I’m working on a project where I need some sort of simple landing page editor, where “blocks” are defined at the template level and they can be rearranged, text changed or added, and not much more. Most of the software I could find was either way too complex for my needs, gave the user the freedom to completely destroy the template, or were otherwise pretty useless.
If it was frustrating for me I imagine how it would feel for my users who need to do this quickly and efficiently. What I needed would’t have drag and drop, nor 300 sliders for everything, neither would it give the user the ability to completely modify the template. (Users can provide custom HTML for their pages if they so choose). Anyway, all I need was the ability to place some template blocks on a page, move them up and down, remove them, and change the text bits.
“How hard can it be ?”
- me, at 3 AM on thursday night.
How hard indeed ? Well, as it turns out, quite. But it’s my fault. Scope creep. I decided it would also be possible to change the images. And also upload them. And maybe add custom buttons. And edit the background images. And the background colors. Anyway, here we are now, and this is how I’ve (almost, anyday now) done it :
“Inter-frame communication is like inter-process communication”
- My buddy who does C (or C++ maybe?)
Oh I forgot to say, I want to store somewhat structured data about the edits, not just the raw HTML, to enable easier further edits if necessary. mobiledoc seemed promising. I spent about an hour investigating it (my internet was slow that day, I swear!) before I realised it’s basically markdown. I thought adapting it to my use case, but it felt futile (as in: too much work). So what was I on about ? ah yes, iframes ! Mmmm who doesn’t love a good iframe? You don’t? Good, ‘cause me neither. Anyway, inter-frame communication is like inter-process communication (or so says my buddy that does printer drivers for HP – Yeah, I’ll curse him on your behalf if you have an HP printer): you have to pass messages around, in our case with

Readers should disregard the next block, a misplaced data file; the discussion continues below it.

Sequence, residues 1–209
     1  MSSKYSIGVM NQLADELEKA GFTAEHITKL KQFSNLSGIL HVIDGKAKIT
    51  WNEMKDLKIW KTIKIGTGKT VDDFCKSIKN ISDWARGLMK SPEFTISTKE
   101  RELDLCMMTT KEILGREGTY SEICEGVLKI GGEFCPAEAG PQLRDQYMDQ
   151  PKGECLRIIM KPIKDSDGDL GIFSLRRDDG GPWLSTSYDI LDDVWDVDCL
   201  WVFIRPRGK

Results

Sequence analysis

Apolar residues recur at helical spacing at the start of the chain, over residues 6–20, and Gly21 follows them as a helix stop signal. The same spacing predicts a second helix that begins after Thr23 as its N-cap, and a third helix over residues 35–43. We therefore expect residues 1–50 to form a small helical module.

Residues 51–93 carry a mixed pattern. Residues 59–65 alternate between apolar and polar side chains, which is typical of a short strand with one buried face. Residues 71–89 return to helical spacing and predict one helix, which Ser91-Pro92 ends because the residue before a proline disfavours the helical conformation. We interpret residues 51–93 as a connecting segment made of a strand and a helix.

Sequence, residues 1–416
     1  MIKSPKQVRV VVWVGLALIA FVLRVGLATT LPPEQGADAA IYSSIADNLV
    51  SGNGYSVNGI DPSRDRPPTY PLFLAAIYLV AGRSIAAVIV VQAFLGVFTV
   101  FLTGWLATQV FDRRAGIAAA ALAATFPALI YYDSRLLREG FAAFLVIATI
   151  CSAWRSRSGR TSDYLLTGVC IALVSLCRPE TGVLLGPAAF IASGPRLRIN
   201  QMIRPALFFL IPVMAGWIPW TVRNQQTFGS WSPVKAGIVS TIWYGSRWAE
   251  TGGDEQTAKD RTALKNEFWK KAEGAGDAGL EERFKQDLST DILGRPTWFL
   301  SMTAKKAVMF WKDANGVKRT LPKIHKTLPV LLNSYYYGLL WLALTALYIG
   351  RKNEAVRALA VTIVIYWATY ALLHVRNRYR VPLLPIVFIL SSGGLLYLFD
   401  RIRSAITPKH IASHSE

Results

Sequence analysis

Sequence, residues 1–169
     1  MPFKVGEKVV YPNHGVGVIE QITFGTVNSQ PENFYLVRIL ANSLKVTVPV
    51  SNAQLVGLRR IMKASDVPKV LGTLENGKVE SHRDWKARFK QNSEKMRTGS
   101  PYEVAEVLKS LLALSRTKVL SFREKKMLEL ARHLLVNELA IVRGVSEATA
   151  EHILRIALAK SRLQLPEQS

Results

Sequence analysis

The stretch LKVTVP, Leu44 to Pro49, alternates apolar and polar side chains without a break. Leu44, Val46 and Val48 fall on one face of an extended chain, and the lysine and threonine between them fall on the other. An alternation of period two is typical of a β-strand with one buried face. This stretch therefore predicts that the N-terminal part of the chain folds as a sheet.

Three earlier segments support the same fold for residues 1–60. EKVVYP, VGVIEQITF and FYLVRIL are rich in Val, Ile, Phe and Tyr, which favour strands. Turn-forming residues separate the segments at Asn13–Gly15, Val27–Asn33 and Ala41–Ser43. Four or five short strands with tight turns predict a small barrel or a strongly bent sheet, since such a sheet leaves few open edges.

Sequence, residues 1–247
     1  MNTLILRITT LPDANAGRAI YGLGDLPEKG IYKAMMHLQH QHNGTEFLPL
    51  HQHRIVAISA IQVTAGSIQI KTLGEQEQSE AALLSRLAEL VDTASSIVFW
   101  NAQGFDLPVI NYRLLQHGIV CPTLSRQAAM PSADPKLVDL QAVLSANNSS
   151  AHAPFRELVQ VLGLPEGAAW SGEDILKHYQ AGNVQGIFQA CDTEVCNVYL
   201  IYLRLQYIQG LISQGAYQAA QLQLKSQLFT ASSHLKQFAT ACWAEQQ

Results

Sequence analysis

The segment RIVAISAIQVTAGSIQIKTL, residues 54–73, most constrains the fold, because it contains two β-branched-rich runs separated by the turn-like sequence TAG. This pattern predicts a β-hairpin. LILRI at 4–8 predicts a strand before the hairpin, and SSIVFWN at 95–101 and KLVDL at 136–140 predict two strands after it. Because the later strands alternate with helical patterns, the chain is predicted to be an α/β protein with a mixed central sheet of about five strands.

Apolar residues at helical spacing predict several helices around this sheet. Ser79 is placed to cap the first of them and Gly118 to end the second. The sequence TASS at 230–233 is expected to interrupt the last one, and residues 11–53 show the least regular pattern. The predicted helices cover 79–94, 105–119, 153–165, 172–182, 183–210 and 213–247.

window.postMessage(). It works, it’s great!
Anyway, here’s how it works: I like to think of it as communication between say a frontend and an API, mostly because of the asynchronous nature of the communication. So basically, the parent page get ready to receive messages from the iframe by listening to the “message” event, like so:
I’m using react for the frontend, so this went in the
componentDidMount() method, but you could place it anywhere, really, as long as it runs when you want to start editing on the iframe side.
And then on the iframe side I have something like this:
In fact at the start I was
JSON.stringify()ing the data I sent, as I remember it being necessary a few years ago, but that’s not required anymore.
Then on the parent React side, the
handleFrameTasks dispatches the actions required depending on what the iframe requested. For example in the case above it will delete the page block with id
blockId from it’s page data structure.
Did I mention that the iframe content is generated dynamically and injected in the iframe src with a data blob URL? Well then, maybe I’ll post about that the next time.
Until then, keep coding !
PS Oh about that One project per month challenge? This one is bigger than I expected, so it will (has already been) longer than a month. It will be great, I hope. Everything you need for an early stage startup. Contact me if you’d like some more info.